Don’t Let Reading Hurt Your Balance


John Paul Ouvrier

John Paul Ouvrier

Reading is wonderful. Wonderful for your intelligence, as a pastime, to look forward to, to enjoy, to share, etc. Yet reading and the physical position that most of us read in, sometimes for hours at a time, can affect our balance in negative ways. Let me share a story with you:

I was called to work with a wonderful woman in her late 80’s named Thelma. Thelma had developed a balance problem that no one could seem to fix. She was having trouble walking, especially when she first got up from sitting. She didn’t like this because she had been walking with a group of girl friends for years and wanted to continue. Yet she was rapidly losing confidence in her walking skills.

Thelma had been to the doctor (and so should everyone who has a balance problem firstly), and the doctor had cleared her medically. Her ears were fine, her brain was fine, her nerves were fine, so he sent her to the physical therapist.

The same thing happened at the physical therapist. He cleared her as well. So what was the problem?

I decided to see what her daily habits were, and where and when she was experiencing the most amounts of balance problems. It turned out she would have the most amount of balance issues after sitting and reading for a long time, and then trying to get up and walk. And in her case there was the answer.

Thelma told me she was an avid reader, in fact she didn’t just read books, she devoured them! She would read up to six hours a day; she would get a good book, some tea and food, and read the better part of the day.

I asked her to show me the position she read in, and then I knew. She sat in her favorite wingback chair, with the book in her lap, head looking down to the book. Head looking down… collapsed spine… for hours at a time… can affect anyone’s balance, especially an older adult.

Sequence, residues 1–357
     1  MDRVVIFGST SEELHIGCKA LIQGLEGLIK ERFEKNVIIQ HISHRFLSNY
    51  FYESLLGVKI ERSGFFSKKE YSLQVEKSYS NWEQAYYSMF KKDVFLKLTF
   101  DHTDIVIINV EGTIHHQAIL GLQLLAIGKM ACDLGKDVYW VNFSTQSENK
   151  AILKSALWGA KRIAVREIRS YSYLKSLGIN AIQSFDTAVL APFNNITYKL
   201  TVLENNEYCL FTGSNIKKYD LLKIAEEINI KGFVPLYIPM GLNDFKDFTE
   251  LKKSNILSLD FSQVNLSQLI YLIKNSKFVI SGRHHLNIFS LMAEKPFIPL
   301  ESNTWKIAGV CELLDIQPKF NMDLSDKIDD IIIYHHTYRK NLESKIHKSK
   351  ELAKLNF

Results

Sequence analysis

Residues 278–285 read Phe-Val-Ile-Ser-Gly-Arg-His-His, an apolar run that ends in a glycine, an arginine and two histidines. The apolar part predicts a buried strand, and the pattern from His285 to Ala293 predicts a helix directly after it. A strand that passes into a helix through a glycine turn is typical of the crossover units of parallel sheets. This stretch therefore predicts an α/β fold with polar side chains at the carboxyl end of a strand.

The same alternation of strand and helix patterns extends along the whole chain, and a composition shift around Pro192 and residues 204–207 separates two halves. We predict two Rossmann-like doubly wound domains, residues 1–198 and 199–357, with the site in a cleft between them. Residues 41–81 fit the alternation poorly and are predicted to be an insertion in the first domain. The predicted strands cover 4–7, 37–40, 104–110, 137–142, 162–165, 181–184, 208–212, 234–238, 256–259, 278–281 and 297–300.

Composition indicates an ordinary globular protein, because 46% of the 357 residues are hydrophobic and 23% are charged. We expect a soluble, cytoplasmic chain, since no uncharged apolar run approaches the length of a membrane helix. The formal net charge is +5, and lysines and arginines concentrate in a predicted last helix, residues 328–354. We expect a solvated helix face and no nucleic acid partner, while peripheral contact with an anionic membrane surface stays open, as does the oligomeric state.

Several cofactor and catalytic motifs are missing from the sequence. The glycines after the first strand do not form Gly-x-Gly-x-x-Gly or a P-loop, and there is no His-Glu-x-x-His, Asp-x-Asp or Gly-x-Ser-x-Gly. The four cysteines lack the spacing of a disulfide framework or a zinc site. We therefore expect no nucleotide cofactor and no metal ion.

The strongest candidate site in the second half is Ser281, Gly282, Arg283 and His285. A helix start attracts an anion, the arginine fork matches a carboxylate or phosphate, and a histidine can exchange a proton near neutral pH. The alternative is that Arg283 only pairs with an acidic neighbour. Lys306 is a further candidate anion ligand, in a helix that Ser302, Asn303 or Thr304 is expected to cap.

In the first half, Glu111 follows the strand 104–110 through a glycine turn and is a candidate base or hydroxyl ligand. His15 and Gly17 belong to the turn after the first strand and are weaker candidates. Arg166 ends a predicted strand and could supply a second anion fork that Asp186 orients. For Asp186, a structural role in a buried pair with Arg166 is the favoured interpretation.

So what did your favorite fitness author do? I told her what I have taught many adults and school children to do:

If you read or study for hours at a time, do so with your head up and back, ideally with your upper body in a reclining position. If you can’t recline, sit up tall, and arrange your reading material so that it is in front of you, rather than below you. Many people do this by sitting in a chair or in bed by putting pillows under their elbows to bring the book up closer to the eyes. Here’s the bottom line, if you’re at the age where your spine, or your ears, or your nerves will be impacted by being in a poor body position for hours at a time, and you can control that position, then do so. If you don’t you could suffer from any number of problems, balance included.

This is just as true for people who watch lots of television. We all know someone who reads or watches TV every night and falls asleep chin to chest, slumped downwards.

My friends, listen to me carefully: If you continue to spend hours of your life in a position like this, eventually your body will accept this position as normal, and you will then have your own problems based on compression to the spine, or inner ear issues, or eye issues, which could adversely affect your balance, as well as many other health issues.

We are not designed to sit all day, yet if you do ( I think we all do ), please find a safe position to read, study, and watch TV in. Your balance may depend on it.

~Because you’re stronger than you think, and you can do more than you know!~

John Paul Ouvrier, known as The Wizard of Youth, is a fitness trainer who specializes in working with older adults. Please consult with your doctor or medical professional before beginning this or any exercise program or advice. The contents of this article do not constitute medical advice. Contact him at, and bring him in to entertain your audiences! and


  1. I did a posture check at paragraph 4. Thank you for the great reminder.

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